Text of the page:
As the centennial of Pike's expedition neared, the Zebulon Montgomery Pike Monument Association organized (in 1896) and began planning for a suitable celebration and monument. The Association's initial plan centered on erecting a heroic bronze statue of Pike. The statue idea would be abandoned, however, and replaced by a nearly 50-ton boulder that was approximately five feet in width on each side at its base and stood about sixteen feet tall. To each side of the boulder was attached a tablet with Pike-related inscriptions. The boulder was said to have been found "directly in the path that Pike took to reach the peak bearing his name." (The News Free Press,
Lafayette, CO. August 31, 1906.) Contemporary accounts went so far as to suggest that Pike likely saw the boulder while on his mountain journey - anything's possible, but...
The boulder/monument was unveiled on Thursday, September 27, 1906 (Pike Day) during the week-long Pike Centennial celebrations in Colorado Springs, CO. Its four attached plaques (one of each of its sides) presented messages about Pike's life, his discovery of the mountain that bears his name (Pike's Peak) and excerpts from his expedition diary.Zebulon Montgomery Pike Boulder Monument, Antlers Park, Colorado Springs, CO, Circa 1910(Image Credit: Public Domain.)
Representative Franklin Eli Brooks (R-CO) was apparently an enthusiastic supporter of the Pike anniversary and the plan for a commemorative medal - he introduced four separate bills for the medals! The first three did not gain traction, but the fourth time was the charm. The bill was reported out of the Committee on Coinage, Weights, and Measures with a recommendation to pass; the Committee report noted that the Treasury Department had no objections to the striking of the medals.
The bill was amended in the House after being reported by the Committee without recommended changes. The amendment was a substitute for Section 2 of the bill, the section that addressed the medals being supplied to the Association by the Treasury Department. The new language ensured that the Association would be required to pay the full cost of the medals before receiving them - the original language had the Treasury supplying the needed silver and bronze and striking the medals without cost to the Association!
In its final form, the bill called for up to 100,000 silver and bronze medals (combined) to be struck on behalf of the Zebulon Montgomery Pike Monument Association of Colorado. Proceeds from sales of the medals were to be used exclusively "to defray the expenses of construction and erection of a monument to said Pike and of the exercises in dedication thereof under the auspices of the said monument association." The Association made good on both accounts!Side Note: In a case of "You can't believe everything you read!" - the Associated Press circulated a news item in May 1906 about how the Senate had approved a bill for $100,000 worth of Pike memorial medallions. Of course, the value statement was completely erroneous; the bill the Senate passed called for 100,000 medallions without any attached condition/statement of value.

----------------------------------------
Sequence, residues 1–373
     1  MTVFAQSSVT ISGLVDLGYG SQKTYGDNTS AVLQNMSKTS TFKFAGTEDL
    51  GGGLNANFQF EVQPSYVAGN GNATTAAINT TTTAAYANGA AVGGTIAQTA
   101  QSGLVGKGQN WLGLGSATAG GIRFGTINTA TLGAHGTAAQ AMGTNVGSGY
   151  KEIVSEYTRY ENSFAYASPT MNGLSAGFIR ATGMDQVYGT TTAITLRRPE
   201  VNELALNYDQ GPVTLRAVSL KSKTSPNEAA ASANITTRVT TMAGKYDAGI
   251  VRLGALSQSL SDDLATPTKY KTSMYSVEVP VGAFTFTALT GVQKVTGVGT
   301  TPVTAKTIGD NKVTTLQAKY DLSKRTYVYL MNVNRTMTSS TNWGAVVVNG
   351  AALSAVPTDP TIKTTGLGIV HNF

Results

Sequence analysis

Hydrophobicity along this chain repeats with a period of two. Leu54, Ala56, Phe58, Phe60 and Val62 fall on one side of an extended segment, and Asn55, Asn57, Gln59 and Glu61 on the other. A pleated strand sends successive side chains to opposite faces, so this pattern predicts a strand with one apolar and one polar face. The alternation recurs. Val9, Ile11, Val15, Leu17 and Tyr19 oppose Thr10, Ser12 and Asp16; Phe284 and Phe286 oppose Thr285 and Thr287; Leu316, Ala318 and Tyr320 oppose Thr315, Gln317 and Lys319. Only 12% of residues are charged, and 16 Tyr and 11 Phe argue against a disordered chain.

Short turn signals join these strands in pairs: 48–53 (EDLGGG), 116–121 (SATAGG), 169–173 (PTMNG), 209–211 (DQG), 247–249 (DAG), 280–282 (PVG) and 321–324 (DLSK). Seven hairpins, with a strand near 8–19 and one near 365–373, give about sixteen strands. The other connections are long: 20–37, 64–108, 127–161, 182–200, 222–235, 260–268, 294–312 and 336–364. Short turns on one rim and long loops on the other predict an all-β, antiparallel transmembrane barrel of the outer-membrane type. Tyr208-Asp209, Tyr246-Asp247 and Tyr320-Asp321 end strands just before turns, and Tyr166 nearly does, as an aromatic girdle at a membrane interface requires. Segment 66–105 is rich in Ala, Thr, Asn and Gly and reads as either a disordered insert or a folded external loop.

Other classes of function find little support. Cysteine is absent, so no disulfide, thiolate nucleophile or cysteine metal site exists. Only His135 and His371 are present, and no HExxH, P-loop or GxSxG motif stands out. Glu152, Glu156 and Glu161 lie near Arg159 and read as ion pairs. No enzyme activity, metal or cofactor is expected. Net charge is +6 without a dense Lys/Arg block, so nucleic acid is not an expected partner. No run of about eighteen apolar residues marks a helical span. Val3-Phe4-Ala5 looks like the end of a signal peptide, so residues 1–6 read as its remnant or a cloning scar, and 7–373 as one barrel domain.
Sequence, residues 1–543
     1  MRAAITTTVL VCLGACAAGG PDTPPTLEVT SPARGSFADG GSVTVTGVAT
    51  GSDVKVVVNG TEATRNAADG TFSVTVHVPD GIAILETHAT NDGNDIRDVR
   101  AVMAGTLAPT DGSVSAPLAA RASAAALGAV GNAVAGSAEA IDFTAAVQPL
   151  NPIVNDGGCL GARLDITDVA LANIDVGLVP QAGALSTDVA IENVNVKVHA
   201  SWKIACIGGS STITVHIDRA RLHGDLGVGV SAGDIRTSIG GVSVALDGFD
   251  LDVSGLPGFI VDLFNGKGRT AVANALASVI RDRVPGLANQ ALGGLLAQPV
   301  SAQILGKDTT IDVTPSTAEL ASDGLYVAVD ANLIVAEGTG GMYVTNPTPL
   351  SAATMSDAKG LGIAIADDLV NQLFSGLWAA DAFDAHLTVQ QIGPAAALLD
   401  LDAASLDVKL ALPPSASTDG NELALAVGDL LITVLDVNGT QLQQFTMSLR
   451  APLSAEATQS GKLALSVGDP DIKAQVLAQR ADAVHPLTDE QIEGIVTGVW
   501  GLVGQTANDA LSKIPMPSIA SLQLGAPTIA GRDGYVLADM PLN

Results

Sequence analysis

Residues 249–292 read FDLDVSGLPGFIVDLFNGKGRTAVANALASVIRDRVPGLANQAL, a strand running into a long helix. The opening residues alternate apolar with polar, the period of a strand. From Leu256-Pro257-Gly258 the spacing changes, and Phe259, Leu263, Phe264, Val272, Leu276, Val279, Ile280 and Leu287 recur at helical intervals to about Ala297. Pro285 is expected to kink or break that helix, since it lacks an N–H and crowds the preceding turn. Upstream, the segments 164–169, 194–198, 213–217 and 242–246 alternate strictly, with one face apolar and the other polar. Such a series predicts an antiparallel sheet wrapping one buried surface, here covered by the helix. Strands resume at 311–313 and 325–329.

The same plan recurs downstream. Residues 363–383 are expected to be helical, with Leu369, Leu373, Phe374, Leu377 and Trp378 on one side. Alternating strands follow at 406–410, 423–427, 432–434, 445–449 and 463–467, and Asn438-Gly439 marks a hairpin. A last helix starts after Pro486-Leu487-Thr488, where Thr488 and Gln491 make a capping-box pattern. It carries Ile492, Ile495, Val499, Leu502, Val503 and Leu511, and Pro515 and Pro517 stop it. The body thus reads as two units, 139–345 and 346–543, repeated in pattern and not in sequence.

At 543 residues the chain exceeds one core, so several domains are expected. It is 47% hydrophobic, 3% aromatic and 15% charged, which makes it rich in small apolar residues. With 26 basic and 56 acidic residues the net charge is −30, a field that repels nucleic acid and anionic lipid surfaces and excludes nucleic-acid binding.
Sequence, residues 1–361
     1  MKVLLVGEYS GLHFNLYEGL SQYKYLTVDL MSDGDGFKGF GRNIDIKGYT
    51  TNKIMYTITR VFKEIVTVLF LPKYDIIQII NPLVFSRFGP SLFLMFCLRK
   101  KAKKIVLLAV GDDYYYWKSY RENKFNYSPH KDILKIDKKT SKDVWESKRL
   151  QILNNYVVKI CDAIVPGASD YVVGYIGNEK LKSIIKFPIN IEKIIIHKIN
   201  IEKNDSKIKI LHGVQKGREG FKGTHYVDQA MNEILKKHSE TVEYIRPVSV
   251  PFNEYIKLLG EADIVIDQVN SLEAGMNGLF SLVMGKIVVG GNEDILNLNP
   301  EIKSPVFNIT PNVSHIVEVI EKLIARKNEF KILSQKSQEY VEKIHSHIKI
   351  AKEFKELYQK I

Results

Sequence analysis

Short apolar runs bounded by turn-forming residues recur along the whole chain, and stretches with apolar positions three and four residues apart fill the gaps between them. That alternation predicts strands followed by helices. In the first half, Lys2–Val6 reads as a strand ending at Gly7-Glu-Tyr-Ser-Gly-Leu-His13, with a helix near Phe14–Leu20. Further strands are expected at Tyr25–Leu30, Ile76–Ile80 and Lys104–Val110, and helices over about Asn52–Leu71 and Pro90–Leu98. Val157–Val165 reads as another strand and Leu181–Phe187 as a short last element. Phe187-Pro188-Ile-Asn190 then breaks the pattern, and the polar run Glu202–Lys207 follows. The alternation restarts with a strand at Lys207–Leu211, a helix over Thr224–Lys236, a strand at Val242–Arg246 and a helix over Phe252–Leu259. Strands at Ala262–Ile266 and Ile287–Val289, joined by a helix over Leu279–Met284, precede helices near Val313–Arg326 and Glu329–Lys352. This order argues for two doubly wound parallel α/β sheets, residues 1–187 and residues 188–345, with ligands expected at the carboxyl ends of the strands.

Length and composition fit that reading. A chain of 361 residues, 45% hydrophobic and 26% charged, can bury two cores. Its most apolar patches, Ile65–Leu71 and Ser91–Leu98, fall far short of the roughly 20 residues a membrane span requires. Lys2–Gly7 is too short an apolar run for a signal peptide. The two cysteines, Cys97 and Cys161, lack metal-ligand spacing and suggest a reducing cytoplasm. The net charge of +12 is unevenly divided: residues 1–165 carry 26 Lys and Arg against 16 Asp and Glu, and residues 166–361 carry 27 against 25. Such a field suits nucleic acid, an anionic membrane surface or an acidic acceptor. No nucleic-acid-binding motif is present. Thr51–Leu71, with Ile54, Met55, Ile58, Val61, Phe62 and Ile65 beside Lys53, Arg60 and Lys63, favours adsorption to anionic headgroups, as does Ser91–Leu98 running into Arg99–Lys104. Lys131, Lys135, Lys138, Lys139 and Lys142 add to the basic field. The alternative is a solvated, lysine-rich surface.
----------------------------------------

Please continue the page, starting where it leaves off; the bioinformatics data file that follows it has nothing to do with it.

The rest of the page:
The Zebulon Pike bill was signed into law by US President Theodore Roosevelt, Jr. on May 17, 1906.
Per Mint records, 6,500 bronze medals were produced, 4,450 silver were struck (3,450 of which were antiqued/oxidized) and 250 of the gold-plated bronze pieces were produced - 11,200 medals in total. An estimated 6,750 medals were sold or presented during the week-long Centennial Celebration with the balance placed in storage at a local bank and forgotten about for more than 40 years - but that's a story for another post.
I've elected to present my gold-plated bronze medal here; I also have the other varieties in my collection. I searched for a nice example of the gold-plated version of the medal for at least a decade and was happy to encounter this one! They're not easy to find! NGC
calls it a "65" - I call it gorgeous!1906 Zebulon Montgomery Pike Expedition Centennial Medal (HK-337)
For other of my posts about commemorative coins and medals, see: Commems Collection.